|Rebuilt Class: Wizard|
|Rebuilt Rogue Subclass: Thief|
|New Fighter Subclass: Berserker|
|New Class: Necromancer|
|Creations · Spells and Abilities|
The Wizard Rebuild is not a new subclass but optional rules as a replacement to the Wizard class.
These rules can be implemented for the various wizard sub-classes (including but not limited to Mage, Wild Wizard/Sorcerer, Illusionist, Specialist, Witch, and Warlock).
d6 - A mage should have less HP than a farmer, who has 1d8. (RAW says humans have d6 hp which is stupid. Goblins have d8-1, humans should have more hp than goblins. -Neal)
The Hit Point is the same for 2.Neal Wizards not using this rebuild.
The hit bonus table is the same for 2.Neal Wizards not using this rebuild.
As a replacement for the spell slot system, there is also a Mana System that fully replaces all the spell slot rules. With this system, spell casters start with MP equal to their willpower score, and gain 1dWillpower [1dW] up each level they again. Spells do not need to be memorized ahead of time, and may be cast from the list of spells they know for the listed MP cost.
Mana is regained only after a good night’s sleep. The amount of mana gained is dependent upon the quality of rest the wizard had that night. A wizard who spends their day resting or studying gain back even more mana.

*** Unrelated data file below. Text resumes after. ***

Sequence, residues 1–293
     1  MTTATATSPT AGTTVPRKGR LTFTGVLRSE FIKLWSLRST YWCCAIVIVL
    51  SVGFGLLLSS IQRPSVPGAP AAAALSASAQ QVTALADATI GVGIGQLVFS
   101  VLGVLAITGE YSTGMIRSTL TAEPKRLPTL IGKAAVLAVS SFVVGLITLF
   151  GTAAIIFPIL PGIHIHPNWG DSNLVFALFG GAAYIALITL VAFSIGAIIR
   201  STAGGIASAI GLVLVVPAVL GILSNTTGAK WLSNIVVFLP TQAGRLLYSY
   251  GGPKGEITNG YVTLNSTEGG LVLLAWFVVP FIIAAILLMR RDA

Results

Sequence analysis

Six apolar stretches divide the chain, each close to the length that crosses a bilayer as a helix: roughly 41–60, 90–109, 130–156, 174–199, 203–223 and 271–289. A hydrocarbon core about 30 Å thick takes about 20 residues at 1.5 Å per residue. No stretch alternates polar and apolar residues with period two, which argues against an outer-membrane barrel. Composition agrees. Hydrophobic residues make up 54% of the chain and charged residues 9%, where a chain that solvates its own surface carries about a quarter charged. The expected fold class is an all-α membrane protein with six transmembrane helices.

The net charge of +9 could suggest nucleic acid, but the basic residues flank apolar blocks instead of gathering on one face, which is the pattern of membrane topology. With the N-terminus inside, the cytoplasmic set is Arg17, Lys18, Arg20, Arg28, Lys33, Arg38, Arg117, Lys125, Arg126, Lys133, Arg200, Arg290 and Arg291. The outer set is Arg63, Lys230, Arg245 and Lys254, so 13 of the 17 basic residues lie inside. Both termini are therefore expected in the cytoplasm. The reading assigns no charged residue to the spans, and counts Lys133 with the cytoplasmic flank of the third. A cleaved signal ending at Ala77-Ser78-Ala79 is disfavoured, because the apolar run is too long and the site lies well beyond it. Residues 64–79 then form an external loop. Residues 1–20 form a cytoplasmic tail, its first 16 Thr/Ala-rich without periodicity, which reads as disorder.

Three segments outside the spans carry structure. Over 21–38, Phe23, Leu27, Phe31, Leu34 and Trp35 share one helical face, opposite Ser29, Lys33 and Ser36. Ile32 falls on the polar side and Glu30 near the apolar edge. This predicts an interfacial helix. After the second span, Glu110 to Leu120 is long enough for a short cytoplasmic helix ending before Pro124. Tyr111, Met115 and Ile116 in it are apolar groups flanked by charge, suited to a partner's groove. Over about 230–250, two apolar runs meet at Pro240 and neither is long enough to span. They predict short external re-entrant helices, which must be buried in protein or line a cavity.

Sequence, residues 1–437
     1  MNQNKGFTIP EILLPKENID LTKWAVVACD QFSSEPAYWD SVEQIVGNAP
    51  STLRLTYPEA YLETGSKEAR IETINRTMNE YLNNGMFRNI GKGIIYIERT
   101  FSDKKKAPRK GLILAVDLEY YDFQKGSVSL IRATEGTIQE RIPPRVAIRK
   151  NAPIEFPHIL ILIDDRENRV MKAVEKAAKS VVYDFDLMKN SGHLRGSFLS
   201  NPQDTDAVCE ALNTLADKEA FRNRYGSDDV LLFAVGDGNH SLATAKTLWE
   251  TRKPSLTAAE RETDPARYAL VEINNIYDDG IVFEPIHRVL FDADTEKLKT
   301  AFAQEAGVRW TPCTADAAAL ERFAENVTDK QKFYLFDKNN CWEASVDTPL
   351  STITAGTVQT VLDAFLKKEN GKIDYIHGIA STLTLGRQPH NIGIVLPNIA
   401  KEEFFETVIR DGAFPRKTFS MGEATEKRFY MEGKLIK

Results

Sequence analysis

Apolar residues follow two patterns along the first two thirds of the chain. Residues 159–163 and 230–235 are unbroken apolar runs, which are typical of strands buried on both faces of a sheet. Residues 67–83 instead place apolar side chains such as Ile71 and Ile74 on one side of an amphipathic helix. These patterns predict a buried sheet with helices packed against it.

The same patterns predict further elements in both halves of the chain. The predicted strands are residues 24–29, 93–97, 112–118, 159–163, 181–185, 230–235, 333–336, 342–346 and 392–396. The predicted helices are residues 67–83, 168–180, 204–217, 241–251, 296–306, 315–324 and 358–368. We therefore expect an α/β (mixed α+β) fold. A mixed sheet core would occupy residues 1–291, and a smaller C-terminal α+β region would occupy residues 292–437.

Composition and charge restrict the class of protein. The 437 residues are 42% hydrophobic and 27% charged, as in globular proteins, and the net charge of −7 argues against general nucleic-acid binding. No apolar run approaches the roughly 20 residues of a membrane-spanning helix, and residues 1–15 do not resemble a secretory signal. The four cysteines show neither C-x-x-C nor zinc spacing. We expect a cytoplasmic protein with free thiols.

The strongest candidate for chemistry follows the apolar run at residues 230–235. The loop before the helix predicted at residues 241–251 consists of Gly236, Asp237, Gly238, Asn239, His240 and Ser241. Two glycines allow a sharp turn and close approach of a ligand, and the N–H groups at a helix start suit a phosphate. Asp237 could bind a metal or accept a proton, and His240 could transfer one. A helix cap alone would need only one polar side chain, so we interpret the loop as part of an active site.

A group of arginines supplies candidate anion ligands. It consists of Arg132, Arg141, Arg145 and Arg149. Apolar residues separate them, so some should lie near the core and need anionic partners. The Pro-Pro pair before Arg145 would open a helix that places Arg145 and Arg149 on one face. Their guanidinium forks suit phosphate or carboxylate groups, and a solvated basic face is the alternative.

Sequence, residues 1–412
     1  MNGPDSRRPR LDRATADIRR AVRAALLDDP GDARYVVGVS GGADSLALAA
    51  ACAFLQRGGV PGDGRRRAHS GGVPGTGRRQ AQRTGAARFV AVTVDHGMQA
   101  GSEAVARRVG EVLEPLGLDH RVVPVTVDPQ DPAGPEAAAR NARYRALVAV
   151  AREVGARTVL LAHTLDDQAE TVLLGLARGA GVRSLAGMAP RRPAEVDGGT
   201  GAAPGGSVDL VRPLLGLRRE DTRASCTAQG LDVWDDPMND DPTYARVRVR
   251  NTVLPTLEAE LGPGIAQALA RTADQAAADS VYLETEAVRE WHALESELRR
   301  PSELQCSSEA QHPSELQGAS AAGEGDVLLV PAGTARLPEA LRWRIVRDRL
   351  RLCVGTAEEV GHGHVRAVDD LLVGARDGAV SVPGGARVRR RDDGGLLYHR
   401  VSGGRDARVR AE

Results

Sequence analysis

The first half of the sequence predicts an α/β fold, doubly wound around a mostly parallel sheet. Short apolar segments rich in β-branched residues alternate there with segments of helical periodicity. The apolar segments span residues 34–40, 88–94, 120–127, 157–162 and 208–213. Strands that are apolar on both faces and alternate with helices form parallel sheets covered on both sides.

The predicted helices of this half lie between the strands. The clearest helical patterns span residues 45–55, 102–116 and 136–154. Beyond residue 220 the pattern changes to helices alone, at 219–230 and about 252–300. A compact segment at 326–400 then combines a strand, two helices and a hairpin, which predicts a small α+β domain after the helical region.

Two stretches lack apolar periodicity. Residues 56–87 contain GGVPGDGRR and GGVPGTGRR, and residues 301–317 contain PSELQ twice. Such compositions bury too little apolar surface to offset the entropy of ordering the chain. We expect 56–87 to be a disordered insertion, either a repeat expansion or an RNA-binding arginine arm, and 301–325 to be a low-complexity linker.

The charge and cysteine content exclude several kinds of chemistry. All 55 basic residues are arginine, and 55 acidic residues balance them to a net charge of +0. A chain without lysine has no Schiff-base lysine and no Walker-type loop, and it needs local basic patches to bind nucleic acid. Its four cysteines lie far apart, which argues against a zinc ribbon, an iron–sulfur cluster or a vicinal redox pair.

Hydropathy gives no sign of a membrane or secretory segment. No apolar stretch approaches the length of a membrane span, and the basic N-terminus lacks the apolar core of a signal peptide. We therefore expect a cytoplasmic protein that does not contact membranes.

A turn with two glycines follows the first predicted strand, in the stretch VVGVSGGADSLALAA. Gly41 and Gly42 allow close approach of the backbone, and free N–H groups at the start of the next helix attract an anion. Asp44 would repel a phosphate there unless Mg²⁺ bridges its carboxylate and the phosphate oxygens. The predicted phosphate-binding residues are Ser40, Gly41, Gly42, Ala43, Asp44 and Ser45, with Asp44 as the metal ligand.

Sleep is very important for spell casters. Anything less than a good sleep is worthless when it comes to recovering spent mana. Good sleep is warm, dry, and uninterrupted by situational or environmental factors. Quality sleep is being totally relaxed and comfortable (e.g. feather bed at an inn in town, or in your own house) on top of the requirements for good sleep.
If a wizard has a full night of good sleep, they gain 1 willpower die to add to their mana pool. This die is combined with others as described below. If a wizard gets a full night of quality sleep, they gain two dice.
Defined as minimal physical activity, and light mental activity.The spirit of light rest is a situation in which the caster is not exerting themselves or being under stress. Examples include: Socializing at a tavern, riding (not driving) in a carriage or cart along a road, taking a slow day at the beach, and napping around the house.
A day of rest grants a wizard an additional 1 willpower die on that night’s sleep.
Refers to the wizard separating themselves from the world and focusing on their craft. This is usually time spent in seclusion studying spellbooks and libraries. At a minimum, the mage must have access to all of their spells (in book, scroll, tablet, or other written form) and a place of peace and quiet. They must have their guard completely down in order to relax the body and focus the mind.